Before Raitt signed with Capitol Records, she and Was recorded some early demos at Was's home studio. These early demos focused on music that was stripped down, similar to Raitt's acoustic gigs. Was wanted to showcase her musical talents by choosing songs that worked without a backing band.[11] These demos were then properly recorded over the course of a week at Ocean Way Recording in Los Angeles. The preparation Raitt and Was had done beforehand meant the recording sessions were quick. About two tracks were recorded a day, and nearly every track was recorded in only two or three takes.[11]


Nick of Time features a smooth and understated blues rock sound.[11] Stephen Thomas Erlewine of AllMusic wrote: "[Raitt] never rocks too hard, but there is grit to her singing and playing, even when the surfaces are clean and inviting."[12] Although the music is predominantly blues rock, there are a wide array of genres, including country, R&B, and pop.[11] When Was was announced as the producer, some listeners wondered if he would instill a funk rock sound into the album, given his reputation with Was (Not Was).[13] Was however decided to maintain the laid-back blues sound Raitt had developed earlier in her career. According to Raitt: "There's less production, less slickness. Basically, it's a return to my roots."[14] Engineer Ed Cherney noted how most of the music was recorded live in studio as opposed to recording each instrument individually. This was because Raitt liked playing off of the other musicians.[15]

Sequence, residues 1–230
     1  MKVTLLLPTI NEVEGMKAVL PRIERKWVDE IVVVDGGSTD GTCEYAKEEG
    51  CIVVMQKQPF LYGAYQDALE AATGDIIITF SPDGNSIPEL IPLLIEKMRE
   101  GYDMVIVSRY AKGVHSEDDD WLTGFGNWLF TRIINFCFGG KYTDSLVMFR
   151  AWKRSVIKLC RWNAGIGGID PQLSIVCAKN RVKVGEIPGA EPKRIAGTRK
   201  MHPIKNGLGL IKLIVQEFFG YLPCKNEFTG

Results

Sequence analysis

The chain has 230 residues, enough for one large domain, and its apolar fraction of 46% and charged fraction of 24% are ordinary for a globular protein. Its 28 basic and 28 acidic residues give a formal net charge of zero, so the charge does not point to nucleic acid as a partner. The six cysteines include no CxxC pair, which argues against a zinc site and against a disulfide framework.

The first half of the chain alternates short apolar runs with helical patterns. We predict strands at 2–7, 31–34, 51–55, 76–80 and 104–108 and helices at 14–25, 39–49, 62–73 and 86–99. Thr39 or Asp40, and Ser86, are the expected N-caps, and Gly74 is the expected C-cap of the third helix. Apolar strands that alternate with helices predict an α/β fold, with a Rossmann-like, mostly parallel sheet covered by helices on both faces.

Many of the songs deal with personal issues Raitt was struggling with at the time.[16] For example, Raitt was almost forty years old when Nick of Time was released, and the album's title track is about coming to terms with middle age.[11] According to biographer Mark Bego, Raitt sought to make an album for baby boomer generation. "Unlike her past releases, there were no 'you've done me wrong' songs or tearful laments about love lost. The songs were much more personal" said Bego.[14] Although Raitt only wrote two original songs for the album, the nine cover songs she chose also convey the overarching themes of adulthood and wisdom.[17]


Nick of Time was released on March 21, 1989. Tim Devine of Capitol Records was unable to convince the label's marketing team to promote Raitt, and instead had to ask the president of the company to put full page ads in music magazines.[11] Despite the limiting promotion, Nick of Time sold very well for the first few months, and quickly became the best selling album of Raitt's career.[18] When asked why the album sold as well as it did, publicist Joan Myers said: "Bonnie's personality and sincerity just won people's hearts, in addition to her music. There was nothing ever pretentious about her."[11]


Professional ratings
Review scores
AllMusic4.5/5 stars[12]
Chicago Tribune3/4 stars[19]
Entertainment WeeklyA[20]
Los Angeles Times3/4 stars[21]
Robert ChristgauB[13]
Rolling Stone3.5/5 stars[22]
Encyclopedia of Popular Music4/5 stars[23]

In 2003, the album was ranked number 230 on Rolling Stone magazine's list of the 500 greatest albums of all time.[1] The album was also included in the book 1001 Albums You Must Hear Before You Die.[24] It was voted number 615 in the third edition of Colin Larkin's All Time Top 1000 Albums (2000).[25]

Track listing

1."Nick of Time"Bonnie Raitt3:52
2."Thing Called Love"John Hiatt3:52
3."Love Letter"Bonnie Hayes4:04
4."Cry on My Shoulder"Michael Ruff3:44
5."Real Man"Jerry Lynn Williams4:27
6."Nobody's Girl"Larry John McNally3:14
7."Have a Heart"Bonnie Hayes4:50
8."Too Soon to Tell"Rory Michael Bourke, Mike Reid3:45
9."I Will Not Be Denied"Jerry Lynn Williams4:55
10."I Ain't Gonna Let You Break My Heart Again"David Lasley, Julie Lasley2:38
11."The Road's My Middle Name"Bonnie Raitt3:31
Total length:42:31


This page was last edited on 20 June 2020, at 12:56